The provided samples, that I converted to Python tests, give a better idea of our task:

def test_provided_1(self): self.assertEqual(151, solution('115')) def test_provided_2(self): self.assertEqual(2048, solution('842')) def test_provided_3(self): self.assertEqual(80000, solution('8000'))115 is followed by 151. All the other permutations of the three digits are higher than that.

There is no permutation of 842 that is bigger than it. So we need to add a zero, getting 2048.

Same goes for 8000, we have to add a zero getting 80000.

I felt it was too complicated to check the number and trying to build its follower considering its digits, and I went instead for an almost brute force approach that comes naturally from watching the test case. Check the permutations, and see which one is the next one. If there is no next one, add a zero to the number in second position and return it.

I implemented this algorithm in Python3 adding just a tiny variation. First I generate the number with an added zero and then I check all the permutations. The reason for this inversion should be clear following the code.

digits = [] for c in line: # 1 if c != '0': insort(digits, c) # 2 while len(digits) <= len(line): # 3 digits.insert(1, '0') result = int(''.join(digits))1. Loop on the digits of the passed number, stored in the string named line.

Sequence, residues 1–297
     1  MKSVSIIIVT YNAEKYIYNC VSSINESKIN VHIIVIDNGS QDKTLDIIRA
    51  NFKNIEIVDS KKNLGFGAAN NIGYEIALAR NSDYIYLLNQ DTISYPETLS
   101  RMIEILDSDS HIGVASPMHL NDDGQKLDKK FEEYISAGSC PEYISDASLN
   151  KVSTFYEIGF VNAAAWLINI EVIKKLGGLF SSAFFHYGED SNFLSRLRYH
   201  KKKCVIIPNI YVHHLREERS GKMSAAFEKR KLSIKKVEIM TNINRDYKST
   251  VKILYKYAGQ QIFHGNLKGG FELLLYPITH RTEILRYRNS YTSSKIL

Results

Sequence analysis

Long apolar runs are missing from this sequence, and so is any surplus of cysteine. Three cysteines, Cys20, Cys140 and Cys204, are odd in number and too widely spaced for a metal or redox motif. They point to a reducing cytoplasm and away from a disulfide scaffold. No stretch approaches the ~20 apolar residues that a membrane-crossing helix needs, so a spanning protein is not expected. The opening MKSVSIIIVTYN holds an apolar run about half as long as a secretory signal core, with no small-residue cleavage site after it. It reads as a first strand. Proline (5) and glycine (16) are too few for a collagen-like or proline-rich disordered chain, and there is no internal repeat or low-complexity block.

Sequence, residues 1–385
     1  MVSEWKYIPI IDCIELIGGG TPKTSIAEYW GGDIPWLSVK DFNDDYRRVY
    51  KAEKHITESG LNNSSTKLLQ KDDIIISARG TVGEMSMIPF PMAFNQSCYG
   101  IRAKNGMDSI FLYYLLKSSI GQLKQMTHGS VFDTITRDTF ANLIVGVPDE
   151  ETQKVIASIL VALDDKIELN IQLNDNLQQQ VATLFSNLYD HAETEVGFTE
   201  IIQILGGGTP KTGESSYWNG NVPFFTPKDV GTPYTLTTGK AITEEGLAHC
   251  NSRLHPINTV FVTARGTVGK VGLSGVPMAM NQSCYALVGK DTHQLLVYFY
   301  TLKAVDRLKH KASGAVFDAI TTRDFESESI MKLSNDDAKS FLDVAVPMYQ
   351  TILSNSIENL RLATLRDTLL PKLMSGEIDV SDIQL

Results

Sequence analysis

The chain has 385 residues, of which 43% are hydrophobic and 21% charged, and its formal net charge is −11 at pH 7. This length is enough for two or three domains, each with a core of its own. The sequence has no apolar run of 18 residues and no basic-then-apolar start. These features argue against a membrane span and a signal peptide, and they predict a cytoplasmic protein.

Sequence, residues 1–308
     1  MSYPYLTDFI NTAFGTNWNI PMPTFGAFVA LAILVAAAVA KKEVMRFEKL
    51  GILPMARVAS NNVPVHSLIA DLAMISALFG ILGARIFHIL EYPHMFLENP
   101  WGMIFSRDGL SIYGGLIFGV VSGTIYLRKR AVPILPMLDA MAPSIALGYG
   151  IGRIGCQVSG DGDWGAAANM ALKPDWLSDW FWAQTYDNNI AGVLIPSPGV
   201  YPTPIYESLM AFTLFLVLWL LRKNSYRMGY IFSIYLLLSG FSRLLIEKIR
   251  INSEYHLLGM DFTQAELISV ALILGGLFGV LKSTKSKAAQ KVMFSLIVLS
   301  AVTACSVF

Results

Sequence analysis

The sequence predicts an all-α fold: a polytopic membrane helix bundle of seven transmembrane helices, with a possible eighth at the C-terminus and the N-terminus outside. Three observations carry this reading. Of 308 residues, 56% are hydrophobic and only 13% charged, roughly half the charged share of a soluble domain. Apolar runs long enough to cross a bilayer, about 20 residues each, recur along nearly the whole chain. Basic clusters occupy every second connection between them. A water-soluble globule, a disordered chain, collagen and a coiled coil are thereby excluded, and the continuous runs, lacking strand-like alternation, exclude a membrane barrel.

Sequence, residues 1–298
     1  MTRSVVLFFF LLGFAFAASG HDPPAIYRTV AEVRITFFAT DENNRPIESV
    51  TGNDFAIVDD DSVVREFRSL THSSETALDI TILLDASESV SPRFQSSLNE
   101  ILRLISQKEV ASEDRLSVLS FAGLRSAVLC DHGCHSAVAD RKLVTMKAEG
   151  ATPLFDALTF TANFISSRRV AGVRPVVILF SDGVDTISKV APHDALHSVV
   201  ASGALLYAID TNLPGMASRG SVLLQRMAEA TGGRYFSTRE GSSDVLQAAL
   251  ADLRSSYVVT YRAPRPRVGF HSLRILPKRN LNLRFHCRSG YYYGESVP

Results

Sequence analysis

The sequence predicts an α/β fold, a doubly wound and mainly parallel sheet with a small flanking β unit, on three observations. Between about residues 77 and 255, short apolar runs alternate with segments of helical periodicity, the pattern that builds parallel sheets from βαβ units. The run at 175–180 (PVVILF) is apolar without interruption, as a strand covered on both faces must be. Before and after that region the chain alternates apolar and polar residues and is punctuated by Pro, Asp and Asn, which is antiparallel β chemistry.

2. I store all the digits but the zeros, sorted in natural order, in the buffer list named digits. The insort function comes from the bisect package.

3. Then I push in the buffer all the required zeros after the first, lowest, significative digit. In this way I get the smaller possible number having one cipher more than the passed one.

Now I am ready to loop on all the permutations for the passed number:

current = int(line) for item in permutations(line): candidate = int(''.join(item)) # 1 if result > candidate > current: # 2 result = candidate1. I get a permutation, I convert it to an integer. See the itertools library for details.

2. If the current candidate is less than the tentative solution and it is bigger that the number passed in input, I discard the previous calculate result and keep the current one.

At the end of the loop I have in result my solution.

I feared that this intuitive algorithm was too expensive. Fortunately, I was wrong. It has been accepted with good points. Test case and python3 script are on GitHub.